• Robert Barricklow on December 21, 2016 at 12:31 pm


  2. Pellevoisin on December 20, 2016 at 8:41 pm

    Excellent article, Dr. Farrell, and an excellent development in the US State of Washington.

    I sincerely hope that the US State of Washington uses its subpoena powers to dig deeply into Dr. Mengele’s pit at the heart of Monsatan.

  3. Robert Barricklow on December 20, 2016 at 7:52 pm

    Commercial law is all about Big Business.
    To survive you needed big clients with big cases who paid big bucks.
    Today hedge funds, always in search of new markets to score outlandish profits, have focused on litigation financing. But hedge funds weren’t banks. Regulatory Washington was once again asleep at the wheel[probably being paid to do so]. Now they’re lending money to law firms to finance cases where up-front money simply wasn’t available at interest rates sky-high and therefore unlawful IF it had come from a bank[ DC, district of corruption, asleep again].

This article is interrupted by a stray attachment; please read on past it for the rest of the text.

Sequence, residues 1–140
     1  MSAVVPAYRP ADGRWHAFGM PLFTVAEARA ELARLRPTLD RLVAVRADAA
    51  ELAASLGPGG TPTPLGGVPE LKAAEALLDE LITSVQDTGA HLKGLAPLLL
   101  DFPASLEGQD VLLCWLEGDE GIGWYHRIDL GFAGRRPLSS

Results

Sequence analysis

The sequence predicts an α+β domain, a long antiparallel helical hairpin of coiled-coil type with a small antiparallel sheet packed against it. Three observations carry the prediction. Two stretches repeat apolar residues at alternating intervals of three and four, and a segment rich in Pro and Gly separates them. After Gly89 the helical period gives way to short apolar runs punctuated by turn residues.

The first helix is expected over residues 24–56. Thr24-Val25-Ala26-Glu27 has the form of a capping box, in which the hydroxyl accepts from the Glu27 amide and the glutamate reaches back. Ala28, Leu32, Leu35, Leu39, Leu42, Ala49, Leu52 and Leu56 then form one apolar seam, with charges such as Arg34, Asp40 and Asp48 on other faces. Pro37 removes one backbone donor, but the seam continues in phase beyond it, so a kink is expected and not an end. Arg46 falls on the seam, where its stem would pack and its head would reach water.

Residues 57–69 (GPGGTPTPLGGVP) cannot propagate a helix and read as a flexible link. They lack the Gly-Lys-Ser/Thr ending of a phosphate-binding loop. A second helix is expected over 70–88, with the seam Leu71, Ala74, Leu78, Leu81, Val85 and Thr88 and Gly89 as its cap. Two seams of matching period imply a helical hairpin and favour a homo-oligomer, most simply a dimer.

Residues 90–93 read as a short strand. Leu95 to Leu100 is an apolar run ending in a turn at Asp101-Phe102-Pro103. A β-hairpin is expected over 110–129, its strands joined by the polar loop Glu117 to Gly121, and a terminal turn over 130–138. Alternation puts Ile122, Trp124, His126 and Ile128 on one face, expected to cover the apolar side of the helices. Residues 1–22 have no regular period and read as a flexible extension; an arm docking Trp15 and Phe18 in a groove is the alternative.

So Big Law took a high-board dive into deep waters of OPM to bet on legal case outcomes.

    • Robert Barricklow on December 20, 2016 at 8:02 pm

      And the hedge funds showered money on law firms in what was called nonrecourse financing. Meaning if the case was lost, the law firm owed nothing further on the money it borrowed The loan was completely wiped off its books, and the hedge fund took the hit
      Now law firms are adding a kicker to their hourly rates in what’s being called a success fee. The hedge funds then take a portion of that success fee. So between monthly interest payments and their share of success fees, incoming money was large enough to offset funds lost on unsuccessful cases.
      All this prelude to drive home this point: Big Law has placed its invisible hand on the blackboard eraser and begun smoothing way the chalk line between lawyering as a profession and lawyering as Wall Street wheeling & dealing.
      Now that we have Bayer, Wall Street & Big Law in bed together; what could possibly go wrong?

  4. WalkingDead on December 20, 2016 at 5:19 pm